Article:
The 1916 Rising’s links to education, and particularly Patrick Pearse’s involvement in Dublin’s St Enda’s College, have been celebrated since the establishment of the Irish Republic as playing a key role in the decision to launch the Rising.
But as plans are made to commemorate the events of Easter 1916, a number of documents have been uncovered that show St Malachy’s College in Belfast can claim equally strong links to some of the most influential men to take to the streets to fight against British rule.
The school has recently been given a Heritage Lottery Fund grant to develop its impressive archive, because within its pupil records lie the names of some of the most famous men to be associated with the historic events. Archivist Gerry McNamee says they are currently trying to piece together information on all those involved.
“By and large, people forget we have a strong connection with the Rising,” said Gerry. “Mostly it’s with people who were involved with the more cultural side of things rather than the guys who got involved militarily, but the links are there. One of the key figures in this is Eoin McNeill.”
McNeill was founder and Chief of Staff of the Irish Volunteers but he was sidelined before Easter because he was known to believe it was too soon to launch an armed insurrection. He issued a stand-down order ahead of the planned Easter Monday call to arms, which is believed to have limited the number of people who took to the streets.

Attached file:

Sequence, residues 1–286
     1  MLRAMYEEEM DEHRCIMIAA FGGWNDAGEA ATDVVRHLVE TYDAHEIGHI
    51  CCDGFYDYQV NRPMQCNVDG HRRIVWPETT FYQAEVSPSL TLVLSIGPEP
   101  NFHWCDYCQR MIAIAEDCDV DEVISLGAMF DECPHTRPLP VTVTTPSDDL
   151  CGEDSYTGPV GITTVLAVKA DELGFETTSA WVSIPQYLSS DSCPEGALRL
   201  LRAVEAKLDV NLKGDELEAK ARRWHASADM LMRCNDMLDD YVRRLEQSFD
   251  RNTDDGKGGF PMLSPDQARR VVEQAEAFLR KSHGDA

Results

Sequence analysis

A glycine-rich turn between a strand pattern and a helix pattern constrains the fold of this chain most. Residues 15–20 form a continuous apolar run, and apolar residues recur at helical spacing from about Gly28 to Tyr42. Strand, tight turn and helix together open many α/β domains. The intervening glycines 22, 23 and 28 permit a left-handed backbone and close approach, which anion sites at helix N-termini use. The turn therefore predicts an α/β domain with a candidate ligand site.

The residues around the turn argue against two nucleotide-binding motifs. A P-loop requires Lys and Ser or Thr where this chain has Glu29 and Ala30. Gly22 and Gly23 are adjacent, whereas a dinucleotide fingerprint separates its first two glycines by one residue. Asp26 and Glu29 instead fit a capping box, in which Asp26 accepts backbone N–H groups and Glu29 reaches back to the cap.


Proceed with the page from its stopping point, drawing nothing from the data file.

“Eoin McNeill was from Glenarm and boarded here in the 1880s,” said Gerry. “He was an extraordinary student. He was very, very gifted and while he was interested in the Irish language he didn’t learn it here because there was no Irish taught in the school in the 1880s. He was here for seven years, which is a long time, and during that time he obtained his degree because you had a system where the school was recognised as an awarding body. It was only when he left he got involved in the Irish language and formed the Gaelic League with Douglas Hyde and recruited people like Patrick Pearse to that organisation.”
When McNeill boarded at the school he was a classmate of John McBride, who was to emerge as one of the most prominent physical force republicans, later executed for his role in the GPO. Student record books show they shared a class in July 1882.
“It’s only relatively recently we’ve discovered John McBride, who was executed for his part in the Rising, came here too,” says Gerry. “It’s extraordinary that he’s a former pupil because he comes from Westport in County Mayo and you have to ask yourself, what was he doing coming to school in Belfast?
“But the key is in the name. McBride is an Antrim name and his father was a sea captain who set up a bar in Westport but sent his sons to be educated here – Anthony and John. We have better records for Anthony because John left St Malachy’s after only a year as far as we can make out. He did come back for a period too, which is also strange, so he had two stints here. Between his two stays here he went to Castlerea in County Roscommon where he worked in some kind of a store that sold pharmaceuticals.